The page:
#Terrorism: Religion and Nationalism Aren’t Fixing It

Nothing like a crisis to clarify values. If the terrorist attacks in Paris have clarified the dominant values of Western civilization, those appear to be such things as self-absorption, border restrictions, and violence.

These are the values of nationalism, not Humanism.

Sure, it’s true that Paris is the world’s number one tourist destination, so lots of people all over the world have some sort of French connection. It that way, it feels personal to lots of people. Still, the disproportionate media coverage of a European massacre to the exclusion African massacres does appear to put more value on some lives than on others. This is not a Humanist value either.

After all, the facts say that of the roughly 10,000 murders committed by the so-called Islamic State in 2014, few were of Westerners, and therefore few Westerners grasp the scope of the violence.

Not only is this racist and Euro-centric, it also creates a false impression of the importance of and threat to Western civilization. Guess what: the Islamic State kills mostly Muslims. The US and its citizens are not the stars of this particular horror show.

Nationality, ethnicity, or religion are completely immaterial to the problem, which is that taking the lives of innocent civilians has become the objective in a struggle that makes not even the remotest bow to international law.  Violence to answer violence is clearly not working. Perhaps the only effective weapon in this case is non-violence?

As a Humanist, outside looking in at the various world religions, I can’t imagine why one religion would be more violent than another. That’s fear talking, not reason.

This new way of killing is a sleight of hand that Westerners—especially of the North American variety—appear all too willing to fall for—they (read many US politicians and much of the electorate) feel personally vulnerable. Afraid.

And fear sells. Therefore, fear is the go-to for not only the terrorists but also Western media and Western governments and many others who happen to be in the market to sell something.

Perhaps if we might remember that Humanist value, reason, which tells us that terror attacks are big news but small as threats go. On a list of the top fifteen killers of US citizens, terrorism doesn’t make the list.

Fear. We forget: the only thing we have to fear . . . is fear itself. Reason is the antidote. For example, a US citizen is 55 times more likely to be killed by a police officer than a terrorist. On that front, anyway, law and order is considerably more deadly than chaos.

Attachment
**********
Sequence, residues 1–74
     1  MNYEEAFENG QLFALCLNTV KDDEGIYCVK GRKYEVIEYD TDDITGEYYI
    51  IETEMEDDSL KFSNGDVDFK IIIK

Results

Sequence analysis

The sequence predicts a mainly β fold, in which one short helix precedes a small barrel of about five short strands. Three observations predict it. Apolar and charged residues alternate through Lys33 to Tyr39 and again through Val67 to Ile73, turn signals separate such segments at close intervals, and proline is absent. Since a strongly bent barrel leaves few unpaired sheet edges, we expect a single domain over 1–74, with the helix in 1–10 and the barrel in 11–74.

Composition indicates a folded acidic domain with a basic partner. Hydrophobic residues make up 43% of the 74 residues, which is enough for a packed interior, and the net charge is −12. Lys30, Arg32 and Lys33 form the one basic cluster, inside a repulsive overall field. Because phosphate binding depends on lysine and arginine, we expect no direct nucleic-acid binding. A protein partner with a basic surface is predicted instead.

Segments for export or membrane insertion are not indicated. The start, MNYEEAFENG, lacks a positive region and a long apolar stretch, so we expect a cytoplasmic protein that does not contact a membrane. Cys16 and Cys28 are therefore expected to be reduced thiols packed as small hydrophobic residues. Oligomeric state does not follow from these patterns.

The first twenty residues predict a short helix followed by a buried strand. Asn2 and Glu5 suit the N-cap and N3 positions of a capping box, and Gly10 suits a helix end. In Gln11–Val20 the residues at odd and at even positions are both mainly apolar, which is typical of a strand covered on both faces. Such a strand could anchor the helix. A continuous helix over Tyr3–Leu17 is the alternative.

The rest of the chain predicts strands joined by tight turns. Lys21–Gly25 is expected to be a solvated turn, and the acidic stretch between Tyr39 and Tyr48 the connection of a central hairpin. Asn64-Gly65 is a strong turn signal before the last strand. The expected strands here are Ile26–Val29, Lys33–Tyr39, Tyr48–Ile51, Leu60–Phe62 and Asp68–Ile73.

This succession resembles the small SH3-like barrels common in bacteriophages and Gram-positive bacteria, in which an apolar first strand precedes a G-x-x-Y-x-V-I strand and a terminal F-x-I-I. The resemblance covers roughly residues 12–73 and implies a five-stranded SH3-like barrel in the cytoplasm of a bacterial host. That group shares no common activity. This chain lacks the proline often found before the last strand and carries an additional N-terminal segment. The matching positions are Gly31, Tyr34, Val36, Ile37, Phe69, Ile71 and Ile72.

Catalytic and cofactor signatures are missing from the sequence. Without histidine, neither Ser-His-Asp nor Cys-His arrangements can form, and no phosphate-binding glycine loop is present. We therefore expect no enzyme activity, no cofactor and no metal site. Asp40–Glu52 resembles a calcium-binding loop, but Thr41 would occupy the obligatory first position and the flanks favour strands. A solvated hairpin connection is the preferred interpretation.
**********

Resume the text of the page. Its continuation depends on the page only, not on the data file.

Yet, we know very well that in the short term many US tax dollars will go toward the prevention of terrorism.  Police killings . . . not so much. We have fallen for the slight of hand.

Sure. It’s a scary world. And scared is scared—you can’t help it. None of us can. The choice we have is whether we will face fear with rationality or with terror.

That’s one choice. Another choice we have is whether or not we will be decent human beings and seek ways to stop the bloodshed. Ways that work, unlike the usual, violent, ways.

Another choice is about saving as many human beings as possible from suffering. As a Humanist, I don’t put much stock in national sovereignty when national sovereignty threatens the well-being of human beings. The flourishing of humanity, not national sovereignty, is paramount. One of the central documents of Humanism, the Universal Declaration of Human Rights, puts it this way:

Article 13.

(1) Everyone has the right to freedom of movement and residence within the borders of each state.

(2) Everyone has the right to leave any country, including his own, and to return to his country.

 Article 14.

(1) Everyone has the right to seek and to enjoy in other countries asylum from persecution.

(2) This right may not be invoked in the case of prosecutions genuinely arising from non-political crimes or from acts contrary to the purposes and principles of the United Nations.

Article 15.

(1) Everyone has the right to a nationality.

(2) No one shall be arbitrarily deprived of his nationality nor denied the right to change his nationality.

The right way is fairly clear.

Adversity clarifies values. An effective war on terror begins in your head with the decision not to fall for the sleight of hand.



The Universal Declaration of Human Rights, http://www.un.org/Overview/rights.html




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